I cried when I heard she decided to retire, and she is a highly effective teacher. Testing kindergarteners every 3 weeks was just too much. She said, I don’t think everything is going to be all right. Instead of helping her download her test data, I would like to be helping her program Bee-Bots. I too am retiring to volunteer my time to scale computational thinking lessons for K-5 students. I would like HISD embrace this too. But, this requires technology teachers and support in every school. Since computing support is a local decision, there will be “have” and “have not” schools increasing the digital divide. How will we build the creative, innovative workforce that Houston needs? Tech mogul Thiel believes that innovation has stagnated in the U.S and radical solutions are needed to push civilization forward, so he is paying bright minds not to attend college and instead pursue real-world ideas. But, Aspire bonus money is paying teachers for test scores.
I am doing what I think is important. Like Bernard Shaw said, a man can never lose his self-respect doing that. I have opted out of Aspire money the last three years because I believe the quest for passing TAKS is taking too much time from project-based learning that uses computer science and engineering concepts. During the meeting Dr. Grier shared that the number of students taking AP tests increased. I wonder how many of HISD students took the Advanced Placement Computer Science test. I see computer labs being used for tutoring instead of creating. I cannot keep money that is based on multiple choices tests. So I donated my $1,400 Aspire bonus to Piney Point Elementary School to support computational thinking. Funds that can help maintain the STEM gardens that were started by Scotts and Comcast grants. The gardens that takes learning outdoors so students can experiment and build real-world learning experiences that put computational thinking into practice.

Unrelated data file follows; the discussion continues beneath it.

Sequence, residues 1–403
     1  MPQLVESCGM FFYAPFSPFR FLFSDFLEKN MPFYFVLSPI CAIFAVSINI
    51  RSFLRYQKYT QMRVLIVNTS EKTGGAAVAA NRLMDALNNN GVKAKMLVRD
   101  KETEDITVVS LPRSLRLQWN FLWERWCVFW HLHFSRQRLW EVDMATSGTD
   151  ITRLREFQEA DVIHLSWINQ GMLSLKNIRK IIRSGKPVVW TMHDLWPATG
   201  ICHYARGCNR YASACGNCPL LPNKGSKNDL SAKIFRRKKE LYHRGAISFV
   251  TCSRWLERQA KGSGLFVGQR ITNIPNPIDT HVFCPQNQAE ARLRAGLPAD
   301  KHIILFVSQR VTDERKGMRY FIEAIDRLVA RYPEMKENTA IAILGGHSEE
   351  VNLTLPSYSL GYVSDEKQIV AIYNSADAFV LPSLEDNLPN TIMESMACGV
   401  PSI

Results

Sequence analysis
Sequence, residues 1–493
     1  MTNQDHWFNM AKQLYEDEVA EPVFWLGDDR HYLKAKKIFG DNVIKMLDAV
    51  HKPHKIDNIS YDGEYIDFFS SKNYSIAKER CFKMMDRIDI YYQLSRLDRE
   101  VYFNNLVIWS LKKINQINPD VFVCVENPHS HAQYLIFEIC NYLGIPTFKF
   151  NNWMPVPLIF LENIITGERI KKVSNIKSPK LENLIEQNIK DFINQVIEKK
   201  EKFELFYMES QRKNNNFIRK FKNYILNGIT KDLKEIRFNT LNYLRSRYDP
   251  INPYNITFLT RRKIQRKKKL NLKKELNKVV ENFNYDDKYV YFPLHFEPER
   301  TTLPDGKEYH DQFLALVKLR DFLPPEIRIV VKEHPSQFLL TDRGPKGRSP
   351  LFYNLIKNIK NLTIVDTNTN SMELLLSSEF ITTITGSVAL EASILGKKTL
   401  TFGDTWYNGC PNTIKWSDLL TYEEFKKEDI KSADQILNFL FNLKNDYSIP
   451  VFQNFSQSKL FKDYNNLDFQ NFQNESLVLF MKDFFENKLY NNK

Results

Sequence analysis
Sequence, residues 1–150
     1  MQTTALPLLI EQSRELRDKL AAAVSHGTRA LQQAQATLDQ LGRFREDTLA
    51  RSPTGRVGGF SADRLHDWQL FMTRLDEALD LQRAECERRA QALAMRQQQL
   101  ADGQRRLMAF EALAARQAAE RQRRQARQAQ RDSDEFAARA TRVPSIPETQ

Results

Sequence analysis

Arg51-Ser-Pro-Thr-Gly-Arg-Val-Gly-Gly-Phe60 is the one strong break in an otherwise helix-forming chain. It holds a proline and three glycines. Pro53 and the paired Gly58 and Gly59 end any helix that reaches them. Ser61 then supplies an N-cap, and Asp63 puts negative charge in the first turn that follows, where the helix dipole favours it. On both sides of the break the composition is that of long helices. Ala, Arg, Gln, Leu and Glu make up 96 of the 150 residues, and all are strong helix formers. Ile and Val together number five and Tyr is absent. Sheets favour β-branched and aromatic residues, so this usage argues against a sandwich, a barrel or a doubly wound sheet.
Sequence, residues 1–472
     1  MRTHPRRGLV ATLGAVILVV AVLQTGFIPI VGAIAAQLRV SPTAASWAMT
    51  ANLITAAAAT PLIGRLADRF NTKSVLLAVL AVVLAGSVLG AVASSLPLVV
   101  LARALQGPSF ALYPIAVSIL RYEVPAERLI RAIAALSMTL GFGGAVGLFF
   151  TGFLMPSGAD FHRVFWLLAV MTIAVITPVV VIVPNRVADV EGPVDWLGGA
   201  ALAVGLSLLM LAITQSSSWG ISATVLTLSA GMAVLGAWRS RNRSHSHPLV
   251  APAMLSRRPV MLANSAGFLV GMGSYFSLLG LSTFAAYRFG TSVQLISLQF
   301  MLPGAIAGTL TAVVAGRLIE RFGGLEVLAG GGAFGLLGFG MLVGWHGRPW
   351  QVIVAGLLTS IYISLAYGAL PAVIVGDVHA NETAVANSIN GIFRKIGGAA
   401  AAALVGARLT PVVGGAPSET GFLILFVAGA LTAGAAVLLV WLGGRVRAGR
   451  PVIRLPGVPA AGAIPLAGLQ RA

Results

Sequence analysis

I was on the TEA Computer Science TEKS writing team and am excited about all the new high school CS courses such as writing mobile apps and the new K-8 computer science standards that will be part of the new technology application curriculum. I would like to see these 21st century skills be a part of the education of every HISD student. Teachers can access counting ability by observing a student use this Bee-Bot and online simulation and at the same time inspire a future career in the computational sciences. This motivates hard work. Testing is boring. And, testing kills the spirit of the young child who does not know the answer. Knowledge is answers to Questions – the more questions, the more knowledge. TAKS tests create the questions students must answer. Testing is expensive. As a cost reduction start, please board members, consider the elimination of testing in kindergarten so teachers can have the time to build rigorous and relevant lessons.